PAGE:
Robbie Moore, vocals, guitar, keyboards
Knox Chandler, guitar
Joel Sarakula, keyboards
Taylor Savvy, bass
Micha Fromme, drums
I have been scratching together trying to make what might sound like music since I was 7 years old, when I began to teach myself guitar and piano. I then spent many years unconsciously re-writing Beach Boys songs and making hissy recordings using my mother’s tape-to-tape function.
Not knowing if I wanted to be a musician or a plasticine cartoonist, when I was 15 I saw my opportunity – the lodger had moved out, so I took over the spare room and began turning it into my own 4 track cassette studio. Developing into an obsession, I barricaded myself in that room trying to figure out how to write pop songs until I had recorded 3 albums by the time I was 18, when I was kicked out and went to live with the Krishnas.
Getting married after a 3 day long psychedelic episode, and discovering when we woke up that we sang well together, we ended up at my father’s house, taking over his sitting room and recording 3 more albums in 2 years – which started to get some attention, including festival dates, good support shows and a sofa in a publisher’s office.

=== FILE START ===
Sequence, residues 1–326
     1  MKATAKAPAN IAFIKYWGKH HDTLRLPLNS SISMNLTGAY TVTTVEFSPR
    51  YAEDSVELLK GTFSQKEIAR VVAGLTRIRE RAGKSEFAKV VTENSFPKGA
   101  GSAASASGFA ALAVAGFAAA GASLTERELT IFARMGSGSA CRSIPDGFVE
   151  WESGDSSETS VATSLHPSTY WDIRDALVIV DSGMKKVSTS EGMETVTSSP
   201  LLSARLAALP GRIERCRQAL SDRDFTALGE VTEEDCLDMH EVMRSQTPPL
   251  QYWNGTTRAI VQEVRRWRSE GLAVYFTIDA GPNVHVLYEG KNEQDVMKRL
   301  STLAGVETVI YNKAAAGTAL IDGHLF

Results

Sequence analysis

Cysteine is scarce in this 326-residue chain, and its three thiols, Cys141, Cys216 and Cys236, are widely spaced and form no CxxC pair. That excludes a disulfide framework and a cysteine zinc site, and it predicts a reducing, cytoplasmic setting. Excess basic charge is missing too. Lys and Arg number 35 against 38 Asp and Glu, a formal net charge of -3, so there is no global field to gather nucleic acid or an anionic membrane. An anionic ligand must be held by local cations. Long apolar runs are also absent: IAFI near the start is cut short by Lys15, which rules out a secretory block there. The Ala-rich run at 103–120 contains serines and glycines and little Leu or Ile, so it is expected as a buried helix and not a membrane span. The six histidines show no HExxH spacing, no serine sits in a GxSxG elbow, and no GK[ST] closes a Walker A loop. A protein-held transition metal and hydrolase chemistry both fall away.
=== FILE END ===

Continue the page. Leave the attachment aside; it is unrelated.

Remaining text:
Well, fate was not on our side that time – a tragic death, petrol emotion and fragile youth left us in tatters and unable to pull ourselves together again. Out of the wreckage I clambered, creating what would turn into The Mores, rapidly growing into a 17-piece orchestral monster, and which in 2002 saw us as pioneers, being the first band to play many of London’s churches including Shoreditch and St. Giles, both now established venues. With 15 shows in little over a year, running an orchestra, 3 backing singers, a lighting rig, a bar, trying to convince doubtful vicars, I was getting married again every month!
Meanwhile a run in with a Smashing Pumpkins drummer had taken me to a dilapidated artists building where I began construction on my first ‘proper’ studio. Being poor, I acquired a blue Ford Sierra with a red door and a petrol leak and conducted a long season of nightly skip and bin raids across London, gathering together enough materials to build the studio, entirely out of things I had found, for free. Sound on Sound magazine were impressed enough to do a 5 page feature! Look here